Posted on February 10, 2008 by Roxanne Darling
Many of my colleagues (Mitch Joel, Shel Holtz, Valeria Maltoni) and I frequently speak to members of PRSA, IABC, and advertising agencies explaining as best we can how consumers now own the brand. Good will increasingly cannot be bought and the political season is giving us striking examples of the mechanics of how “web 2.0” – “new media” – “social media” (choose your buzz) have changed the landscape of both business communication and brand marketing.
Frank Rich has this in today’s New York Times editorial page:
bq. The Hallmark show, enacted on an anachronistic studio set that looked like a deliberate throwback to the good old days of 1992, was equally desperate. If the point was to generate donations or excitement, the effect was the reverse. A campaign operative, speaking on MSNBC, claimed that 250,000 viewers had seen an online incarnation of the event in addition to “who knows how many” Hallmark channel viewers. Who knows, indeed? What we do know is that by then the Yes We Can Obama video fronted by the hip-hop vocalist will.i.am of the Black Eyed Peas had been averaging roughly a million YouTube views a day. (Cost to the Obama campaign: zero.)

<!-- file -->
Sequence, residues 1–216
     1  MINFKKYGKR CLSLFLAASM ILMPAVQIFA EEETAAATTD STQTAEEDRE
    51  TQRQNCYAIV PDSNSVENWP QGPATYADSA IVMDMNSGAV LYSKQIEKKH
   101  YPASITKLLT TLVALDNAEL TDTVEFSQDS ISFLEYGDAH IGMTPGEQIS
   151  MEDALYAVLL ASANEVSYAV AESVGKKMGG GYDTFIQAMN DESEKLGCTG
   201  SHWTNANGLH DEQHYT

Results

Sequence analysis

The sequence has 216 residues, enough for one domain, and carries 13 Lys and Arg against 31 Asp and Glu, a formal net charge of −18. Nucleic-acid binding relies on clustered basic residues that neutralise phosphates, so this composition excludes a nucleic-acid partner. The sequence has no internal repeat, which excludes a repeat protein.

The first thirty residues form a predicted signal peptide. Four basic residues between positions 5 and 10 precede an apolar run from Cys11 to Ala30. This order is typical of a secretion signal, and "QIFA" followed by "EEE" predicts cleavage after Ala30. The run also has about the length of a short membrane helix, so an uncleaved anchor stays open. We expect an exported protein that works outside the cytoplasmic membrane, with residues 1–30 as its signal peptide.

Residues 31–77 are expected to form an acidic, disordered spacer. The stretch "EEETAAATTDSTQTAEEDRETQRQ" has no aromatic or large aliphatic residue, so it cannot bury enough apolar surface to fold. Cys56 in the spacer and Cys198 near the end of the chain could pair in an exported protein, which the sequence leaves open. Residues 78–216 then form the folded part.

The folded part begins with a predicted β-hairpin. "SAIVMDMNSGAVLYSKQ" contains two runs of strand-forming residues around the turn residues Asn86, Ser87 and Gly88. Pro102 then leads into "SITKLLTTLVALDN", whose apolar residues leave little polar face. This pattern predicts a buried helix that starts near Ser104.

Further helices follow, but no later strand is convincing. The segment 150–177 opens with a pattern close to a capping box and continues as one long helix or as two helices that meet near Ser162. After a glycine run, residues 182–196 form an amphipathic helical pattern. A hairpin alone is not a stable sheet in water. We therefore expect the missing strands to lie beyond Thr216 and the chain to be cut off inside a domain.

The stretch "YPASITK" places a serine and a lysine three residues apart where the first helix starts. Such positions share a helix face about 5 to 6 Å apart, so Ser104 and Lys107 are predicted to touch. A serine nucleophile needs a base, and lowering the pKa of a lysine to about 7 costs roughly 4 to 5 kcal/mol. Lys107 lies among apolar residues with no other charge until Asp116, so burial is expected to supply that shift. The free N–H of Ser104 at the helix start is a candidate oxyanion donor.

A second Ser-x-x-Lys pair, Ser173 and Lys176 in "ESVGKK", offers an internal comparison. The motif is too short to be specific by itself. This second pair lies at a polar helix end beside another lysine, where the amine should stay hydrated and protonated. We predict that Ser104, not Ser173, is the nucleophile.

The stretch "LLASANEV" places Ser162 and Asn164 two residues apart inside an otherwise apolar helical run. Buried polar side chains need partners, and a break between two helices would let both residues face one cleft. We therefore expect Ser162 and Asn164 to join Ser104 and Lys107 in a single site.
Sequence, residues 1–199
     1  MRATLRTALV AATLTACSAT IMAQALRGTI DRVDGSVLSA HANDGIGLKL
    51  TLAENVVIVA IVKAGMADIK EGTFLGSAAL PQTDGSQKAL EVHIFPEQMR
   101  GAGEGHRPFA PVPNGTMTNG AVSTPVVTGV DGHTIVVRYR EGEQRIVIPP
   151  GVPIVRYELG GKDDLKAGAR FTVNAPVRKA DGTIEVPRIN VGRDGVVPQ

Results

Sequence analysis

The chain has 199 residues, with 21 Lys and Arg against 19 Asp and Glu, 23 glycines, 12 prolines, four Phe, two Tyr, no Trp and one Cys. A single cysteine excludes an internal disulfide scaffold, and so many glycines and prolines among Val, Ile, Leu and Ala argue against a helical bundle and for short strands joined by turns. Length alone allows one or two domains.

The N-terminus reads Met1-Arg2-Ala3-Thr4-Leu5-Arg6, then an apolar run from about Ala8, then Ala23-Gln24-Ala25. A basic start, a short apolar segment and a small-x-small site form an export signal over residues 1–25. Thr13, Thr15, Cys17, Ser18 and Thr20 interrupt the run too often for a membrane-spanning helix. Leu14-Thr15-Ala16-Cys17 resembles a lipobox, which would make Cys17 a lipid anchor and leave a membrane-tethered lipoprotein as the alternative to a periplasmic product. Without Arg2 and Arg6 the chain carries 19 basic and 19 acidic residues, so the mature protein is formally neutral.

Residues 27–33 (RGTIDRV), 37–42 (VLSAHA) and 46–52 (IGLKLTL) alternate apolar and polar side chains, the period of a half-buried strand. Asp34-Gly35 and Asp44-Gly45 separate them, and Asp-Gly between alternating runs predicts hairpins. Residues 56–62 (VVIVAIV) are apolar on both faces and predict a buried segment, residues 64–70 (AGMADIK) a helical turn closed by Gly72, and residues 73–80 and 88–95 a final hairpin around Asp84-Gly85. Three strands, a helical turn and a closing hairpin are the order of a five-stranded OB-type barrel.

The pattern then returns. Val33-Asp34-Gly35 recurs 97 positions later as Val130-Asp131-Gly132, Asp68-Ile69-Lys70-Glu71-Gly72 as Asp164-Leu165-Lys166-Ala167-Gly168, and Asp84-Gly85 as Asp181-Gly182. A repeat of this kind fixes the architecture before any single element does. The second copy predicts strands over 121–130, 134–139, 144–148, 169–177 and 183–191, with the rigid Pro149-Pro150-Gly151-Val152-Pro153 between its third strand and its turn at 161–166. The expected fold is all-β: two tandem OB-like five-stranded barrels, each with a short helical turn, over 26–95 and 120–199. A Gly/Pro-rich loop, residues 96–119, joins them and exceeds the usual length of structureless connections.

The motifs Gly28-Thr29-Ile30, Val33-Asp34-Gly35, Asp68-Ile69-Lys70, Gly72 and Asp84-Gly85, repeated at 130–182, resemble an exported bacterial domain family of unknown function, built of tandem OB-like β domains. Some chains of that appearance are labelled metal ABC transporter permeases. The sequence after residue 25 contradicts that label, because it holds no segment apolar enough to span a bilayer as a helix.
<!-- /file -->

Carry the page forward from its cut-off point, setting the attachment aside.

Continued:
Ed. Note: Video inserted at the end of this post to save you a click-thru.
I have two points to make. First is to note the extreme shift in balance of power as to who controls your brand. Hillary is trying, some would say desperately (link has expired), to control her brand and essentially trick people into voting for her. She (along with Bill presumably) are convinced they are the best for the country. The country, increasingly, is demonstrative otherwise. She can spend money and stage “staged” events with planted questioners, but we have learned as consumers of media as well as of products, when someone is “faking it up.” (My favorite way to describe the traditional art of advertising’s dark side.)
Second, one of the best measurements of how well your brand is being received, is the way that people play with it. Are they promoting you or are they disparaging you? It is not that hard to tell these days.
The great opportunity for business is that we can learn from the political season. We can observe how losing control can be tragic, comedic, and/or a fast trip from relative obscurity to leader of the pack.
# It is still early on the date of publication of Frank Rich’s editorial (cited above) and there are over 500 comments already posted. People have opinions and they want to share them.
# My mom, a lifelong Republican, said she would consider voting for Obama before McCain because, “Obama has class.” In this age of communication transparency, things like class definitely can shine through all the traditional mud-slinging.